Category Archives: Theory and Practice of Medicine

Five things you can do in less than one minute in the Emergency Department, that can give you a diagnosis

Emergency Departments are overcrowded in most Health Services around the world. In addition, the clinical decisions must be undertaken in a short time, due to the seriousness of the clinical environment and the continuous admission of patients. Therefore, we propose five actions that you can do in no more than ONE MINUTE and can help you to reach or discharge a diagnosis.

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Resistance to change: a basis for error in Medicine

Resistance to change: a basis for error in Medicine

Medication error?

Most of the time humans are not happy to change a routine. There is also a feeling of safety when we work with electronic database thinking that, because computer are fast and efficient, we are going to be able to avoid errors. But, even with the best computer tool for data storage and retrieval the human factor is always present.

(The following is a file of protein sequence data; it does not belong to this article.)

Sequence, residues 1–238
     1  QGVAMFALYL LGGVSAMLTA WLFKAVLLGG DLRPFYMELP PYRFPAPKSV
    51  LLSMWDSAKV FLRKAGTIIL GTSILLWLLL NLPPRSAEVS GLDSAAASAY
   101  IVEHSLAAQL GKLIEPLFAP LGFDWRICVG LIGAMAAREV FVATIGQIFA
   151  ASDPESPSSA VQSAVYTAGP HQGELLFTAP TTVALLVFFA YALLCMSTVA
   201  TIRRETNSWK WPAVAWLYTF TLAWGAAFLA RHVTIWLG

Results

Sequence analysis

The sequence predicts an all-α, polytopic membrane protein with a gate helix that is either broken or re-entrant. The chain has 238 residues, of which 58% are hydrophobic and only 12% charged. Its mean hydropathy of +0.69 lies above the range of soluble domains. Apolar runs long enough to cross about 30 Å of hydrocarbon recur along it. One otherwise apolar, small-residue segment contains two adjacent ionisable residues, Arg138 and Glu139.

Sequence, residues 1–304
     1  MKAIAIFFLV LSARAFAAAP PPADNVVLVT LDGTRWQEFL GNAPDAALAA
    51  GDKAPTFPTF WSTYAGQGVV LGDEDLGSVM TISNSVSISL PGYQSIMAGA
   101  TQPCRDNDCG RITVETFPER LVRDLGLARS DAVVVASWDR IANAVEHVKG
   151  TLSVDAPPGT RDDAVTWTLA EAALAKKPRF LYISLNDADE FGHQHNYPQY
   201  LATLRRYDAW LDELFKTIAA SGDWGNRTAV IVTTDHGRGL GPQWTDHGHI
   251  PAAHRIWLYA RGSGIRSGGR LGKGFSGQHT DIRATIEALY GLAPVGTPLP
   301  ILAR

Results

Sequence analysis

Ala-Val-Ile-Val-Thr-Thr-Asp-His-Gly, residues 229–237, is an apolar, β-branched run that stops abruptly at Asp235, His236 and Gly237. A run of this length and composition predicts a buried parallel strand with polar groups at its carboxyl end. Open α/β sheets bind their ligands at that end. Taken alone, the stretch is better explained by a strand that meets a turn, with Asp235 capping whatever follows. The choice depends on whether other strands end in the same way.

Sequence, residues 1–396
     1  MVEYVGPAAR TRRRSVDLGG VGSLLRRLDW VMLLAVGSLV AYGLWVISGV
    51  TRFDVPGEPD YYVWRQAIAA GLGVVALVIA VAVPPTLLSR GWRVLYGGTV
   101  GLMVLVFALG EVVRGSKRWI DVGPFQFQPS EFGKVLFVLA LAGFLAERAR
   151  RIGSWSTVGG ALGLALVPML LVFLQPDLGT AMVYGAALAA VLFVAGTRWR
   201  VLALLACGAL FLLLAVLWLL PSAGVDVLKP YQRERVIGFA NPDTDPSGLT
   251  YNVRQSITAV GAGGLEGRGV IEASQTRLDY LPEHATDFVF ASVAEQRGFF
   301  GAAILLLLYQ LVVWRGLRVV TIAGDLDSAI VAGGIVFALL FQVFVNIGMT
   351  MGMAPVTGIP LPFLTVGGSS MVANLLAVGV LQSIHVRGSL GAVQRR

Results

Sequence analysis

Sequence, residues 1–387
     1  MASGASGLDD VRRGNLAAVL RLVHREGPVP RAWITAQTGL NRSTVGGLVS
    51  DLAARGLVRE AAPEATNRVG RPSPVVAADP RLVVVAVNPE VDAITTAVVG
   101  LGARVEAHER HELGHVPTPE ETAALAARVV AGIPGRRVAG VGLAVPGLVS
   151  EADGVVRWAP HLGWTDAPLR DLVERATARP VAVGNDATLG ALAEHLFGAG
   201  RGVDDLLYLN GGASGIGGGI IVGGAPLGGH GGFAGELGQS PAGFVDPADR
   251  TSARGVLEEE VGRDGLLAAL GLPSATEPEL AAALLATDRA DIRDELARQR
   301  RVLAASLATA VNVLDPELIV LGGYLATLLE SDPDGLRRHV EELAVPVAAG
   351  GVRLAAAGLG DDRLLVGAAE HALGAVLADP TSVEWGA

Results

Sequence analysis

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Lumbalgia: an important situation for a diagnostic delay

Lumbalgia: an important situation for a diagnostic delay

 

Lumbalgia is a very common symptom in clinical practice. Although more than ninety per cent  of the occasions is associated with a benign problem,  the real challenge is to discriminate when an important disease or situation is responsible for the pain. Continue reading Lumbalgia: an important situation for a diagnostic delay

Contrast and compare:organize the information in your brain

Contrast and compare: organize the information in your brain

Learning Medicine is more than accumulation

The recognition of clinical patterns is the key action to select a diagnosis when different entities share common signs and symptoms. Although the way in which each physician approaches a clinical problem can be very variable, there is agreement that the

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The everyday morning visit: a system on it

The everyday morning visit

Every morning, doctors and nurses visit  inpatients, assess data, listen to their situation, and make new decisions to complete the diagnostic process. In this seemingly simple process are involved intricate mental mechanisms, a high technical component, along with the necessary empathic and emotional

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